Coral Reefs Are in Trouble. Here’s Why I’m Still Hopeful.

We keep seeing evidence that corals can survive, become more resilient, and even recover if we give them a chance. We have the power to make that choice.

A smile spread across my face as I read about a few “urban corals” off the Miami coast that are thriving,  despite distinctly suboptimal water quality. Coral reefs off the southern Florida coast have suffered from water pollution and disease linked to ill-advised dredging projects and woefully inadequate regulations. But these hearty little coral colonies provide a spark of hope. And that spark needs oxygen.

What  does it mean to work toward a resilient, abundant world in the face of global biodiversity and climate crises? It has to mean more than just holding the line, staving off the “inevitable.” What if, faced with loss and chaos, we demanded more? As Urban Ocean Lab Co-Founder Ayana Elizabeth Johnson asks, what if we get it right?

It’s no secret that coral reefs are in trouble. I’ve witnessed the breathtaking decline of Florida reefs in my lifetime. When I was little, my parents would pack us into the old station wagon and drive down to the Florida Keys for a week of snorkeling in North America’s only coral barrier reef. Already, the old-timers down there were shaking their heads over how much life the reef had lost, but to me it was a  wonderland. Thickets of staghorn coral and patches of brain coral, all flitting with jewel-colored baby angelfish, damselfish, butterflyfish. I’d float in one spot,  just watching the commerce and drama of the coral city unfold, until I was pruny and sunburned and my parents finally hauled me back to dry land.

As a college senior getting scuba certified, I revisited some of those spots and saw less coral, more algae, fewer fish. But still a lively scene. When I returned in 2009 after a coral conference, my heart sank. Carpets of algae had crowded out the coral in shallower spots. Folks on the dive boat who’d never seen these reefs exclaimed over the lovely fish. But, to me, it felt like a ghost of its former self.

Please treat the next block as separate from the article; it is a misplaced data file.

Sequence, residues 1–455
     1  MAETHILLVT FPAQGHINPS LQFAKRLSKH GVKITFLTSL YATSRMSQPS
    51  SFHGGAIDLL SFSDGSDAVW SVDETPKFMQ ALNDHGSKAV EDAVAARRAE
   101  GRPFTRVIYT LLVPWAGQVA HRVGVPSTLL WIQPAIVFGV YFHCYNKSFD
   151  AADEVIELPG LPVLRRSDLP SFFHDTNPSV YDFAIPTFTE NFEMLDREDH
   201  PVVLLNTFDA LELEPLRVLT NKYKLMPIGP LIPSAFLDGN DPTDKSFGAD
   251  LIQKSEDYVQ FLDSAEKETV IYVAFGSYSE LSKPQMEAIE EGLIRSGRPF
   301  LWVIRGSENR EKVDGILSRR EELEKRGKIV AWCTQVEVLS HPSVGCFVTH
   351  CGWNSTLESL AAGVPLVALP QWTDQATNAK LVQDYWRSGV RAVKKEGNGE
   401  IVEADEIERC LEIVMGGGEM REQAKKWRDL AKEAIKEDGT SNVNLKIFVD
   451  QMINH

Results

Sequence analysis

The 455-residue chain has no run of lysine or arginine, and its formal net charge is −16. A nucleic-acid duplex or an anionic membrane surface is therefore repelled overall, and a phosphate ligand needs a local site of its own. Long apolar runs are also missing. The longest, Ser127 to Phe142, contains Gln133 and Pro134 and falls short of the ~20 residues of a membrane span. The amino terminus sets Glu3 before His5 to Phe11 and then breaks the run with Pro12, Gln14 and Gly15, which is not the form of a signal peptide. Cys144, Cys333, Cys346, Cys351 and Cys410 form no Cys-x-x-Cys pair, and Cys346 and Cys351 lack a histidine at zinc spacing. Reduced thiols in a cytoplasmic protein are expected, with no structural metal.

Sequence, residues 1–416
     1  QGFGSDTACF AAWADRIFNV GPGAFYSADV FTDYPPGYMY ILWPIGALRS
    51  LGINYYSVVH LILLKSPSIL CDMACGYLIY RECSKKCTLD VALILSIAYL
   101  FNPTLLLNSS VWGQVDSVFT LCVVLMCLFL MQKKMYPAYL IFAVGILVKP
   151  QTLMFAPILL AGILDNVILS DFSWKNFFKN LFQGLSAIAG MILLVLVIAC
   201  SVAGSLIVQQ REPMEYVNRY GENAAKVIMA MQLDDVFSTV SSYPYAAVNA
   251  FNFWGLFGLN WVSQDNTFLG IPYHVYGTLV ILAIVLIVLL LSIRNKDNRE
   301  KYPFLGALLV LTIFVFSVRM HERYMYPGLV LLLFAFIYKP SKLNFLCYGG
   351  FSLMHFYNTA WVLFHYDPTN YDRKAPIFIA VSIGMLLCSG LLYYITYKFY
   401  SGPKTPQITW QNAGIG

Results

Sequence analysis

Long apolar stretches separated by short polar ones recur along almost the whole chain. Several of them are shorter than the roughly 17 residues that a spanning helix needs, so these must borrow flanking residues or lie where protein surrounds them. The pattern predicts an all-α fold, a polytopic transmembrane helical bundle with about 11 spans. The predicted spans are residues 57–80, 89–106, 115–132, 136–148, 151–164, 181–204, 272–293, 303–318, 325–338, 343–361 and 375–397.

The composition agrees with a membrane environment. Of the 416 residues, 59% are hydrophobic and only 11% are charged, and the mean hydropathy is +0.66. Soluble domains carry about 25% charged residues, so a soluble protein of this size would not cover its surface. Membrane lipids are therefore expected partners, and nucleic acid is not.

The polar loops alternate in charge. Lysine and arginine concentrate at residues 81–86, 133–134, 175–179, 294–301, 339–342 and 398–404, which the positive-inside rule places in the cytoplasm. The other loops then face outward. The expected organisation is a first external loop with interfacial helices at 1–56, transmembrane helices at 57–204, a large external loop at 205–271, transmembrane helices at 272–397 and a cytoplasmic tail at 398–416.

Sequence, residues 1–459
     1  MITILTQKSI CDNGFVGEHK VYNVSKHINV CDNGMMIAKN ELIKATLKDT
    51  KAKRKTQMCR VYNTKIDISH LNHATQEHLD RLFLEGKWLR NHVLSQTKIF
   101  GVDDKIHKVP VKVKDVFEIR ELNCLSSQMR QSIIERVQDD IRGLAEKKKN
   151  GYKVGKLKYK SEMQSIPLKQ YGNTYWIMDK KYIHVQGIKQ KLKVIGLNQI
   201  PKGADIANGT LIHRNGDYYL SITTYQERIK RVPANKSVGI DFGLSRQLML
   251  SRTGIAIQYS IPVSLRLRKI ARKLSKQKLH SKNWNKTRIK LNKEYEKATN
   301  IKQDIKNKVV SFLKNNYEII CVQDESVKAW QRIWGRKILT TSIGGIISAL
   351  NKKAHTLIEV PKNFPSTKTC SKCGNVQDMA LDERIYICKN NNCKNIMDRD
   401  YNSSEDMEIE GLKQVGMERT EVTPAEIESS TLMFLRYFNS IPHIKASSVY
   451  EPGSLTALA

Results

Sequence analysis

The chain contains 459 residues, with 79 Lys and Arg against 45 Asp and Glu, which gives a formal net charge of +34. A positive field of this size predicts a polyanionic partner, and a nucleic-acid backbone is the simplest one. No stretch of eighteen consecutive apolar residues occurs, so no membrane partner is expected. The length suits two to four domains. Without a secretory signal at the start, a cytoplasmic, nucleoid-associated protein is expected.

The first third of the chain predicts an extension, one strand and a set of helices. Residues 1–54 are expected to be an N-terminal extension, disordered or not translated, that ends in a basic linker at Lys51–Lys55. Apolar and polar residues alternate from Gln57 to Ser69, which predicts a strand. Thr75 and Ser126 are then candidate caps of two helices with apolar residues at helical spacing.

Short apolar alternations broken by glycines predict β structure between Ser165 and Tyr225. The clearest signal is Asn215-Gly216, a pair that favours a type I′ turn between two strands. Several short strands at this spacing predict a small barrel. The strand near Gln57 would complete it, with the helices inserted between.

So why hope? Because we keep seeing evidence that corals can survive, become more resilient, and even recover if we give them a chance by cleaning up water quality, protecting them from coastal development and dredging, and reducing fishing pressure. And because we have the power to make those decisions.

We have to start by learning what a truly healthy reef community looks like and re-imagining the policy frameworks that will get us there. It starts with demanding the right to an abundant world: a world where flora and fauna thrive, biodiversity is increasing, ecosystems support the human communities that interact with them and vice versa. A world where everyone has access to that bounty regardless of wealth, skin color, or nationality.

It means demanding that all levels of government treat public resources as if they belong to the public, making leaders understand that the public is entitled to a bountiful public trust, not just the scraps left over after politically powerful industries have taken their fill.

We are working on creating that world by re-imagining the policies that will get us there. We’re urging the federal government to take an all-hands-on-deck approach to building coral resilience, using its authority to clean up watersheds, reform the way we manage fishing, and restore reefs.

What would effective policies look like? They would put an end to dirty fossil fuel extraction and speed a sustainable and just transition to renewable energy. Fishery management would turn away from the failed how-much-can-we-extract model towards a common-sense approach that recognizes every creature has role in building healthy ecosystems. That ecosystem-honoring approach would protect the algae-eating creatures  that clear the way for corals to grow, sharks and other top predators that regulate the food chain, and smaller fish — “energy bars of the sea”— that feed marine food webs.

We would rightfully shift the costs of overfishing, extraction, and pollution control to the industries that profit from exploiting our public resources. It’s unjust to put that burden on the very communities suffering from that exploitation.

We would focus on restoring the coral reefs, marshes, seagrasses, kelp forests, and other coastal habitats that bolster biodiversity, store blue carbon, provide storm and flood protection — and joy.

Beyond all the statistics and dollar signs, joy may be the most potent and durable motivator. As I look at the state of our reefs and their capacity to rebound, I experience a curious alchemy of joy and love and rage that transforms into hope. And it strikes me that hope is not simply a thing to have, but a thing we must create by fighting for all that we love and deserve. Our oceans depend on it.

As a senior attorney with the Oceans Program, Andrea's work focuses on protecting marine biodiversity and promoting abundant, resilient ocean ecosystems.

Earthjustice’s Oceans Program uses the power of the law to safeguard imperiled marine life, reform fisheries management, stop the expansion of offshore oil and gas drilling, and increase the resiliency of ocean ecosystems to climate change.

Parrotfish protect the coral reef ecosystem by grazing on algae that otherwise would smother the reef.
Parrotfish protect the coral reef ecosystem by grazing on algae that otherwise would smother the reef. (Photo courtesy of Kevin Hogan / Florida Keys National Marine Sanctuary / NOAA)